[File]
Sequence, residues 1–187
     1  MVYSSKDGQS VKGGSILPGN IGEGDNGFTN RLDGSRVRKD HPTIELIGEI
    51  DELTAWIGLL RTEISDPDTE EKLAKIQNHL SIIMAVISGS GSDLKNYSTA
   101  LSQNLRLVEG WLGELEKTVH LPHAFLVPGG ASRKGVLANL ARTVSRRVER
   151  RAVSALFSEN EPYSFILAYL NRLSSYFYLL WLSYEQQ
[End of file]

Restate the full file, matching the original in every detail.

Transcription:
Sequence, residues 1–187
     1  MVYSSKDGQS VKGGSILPGN IGEGDNGFTN RLDGSRVRKD HPTIELIGEI
    51  DELTAWIGLL RTEISDPDTE EKLAKIQNHL SIIMAVISGS GSDLKNYSTA
   101  LSQNLRLVEG WLGELEKTVH LPHAFLVPGG ASRKGVLANL ARTVSRRVER
   151  RAVSALFSEN EPYSFILAYL NRLSSYFYLL WLSYEQQ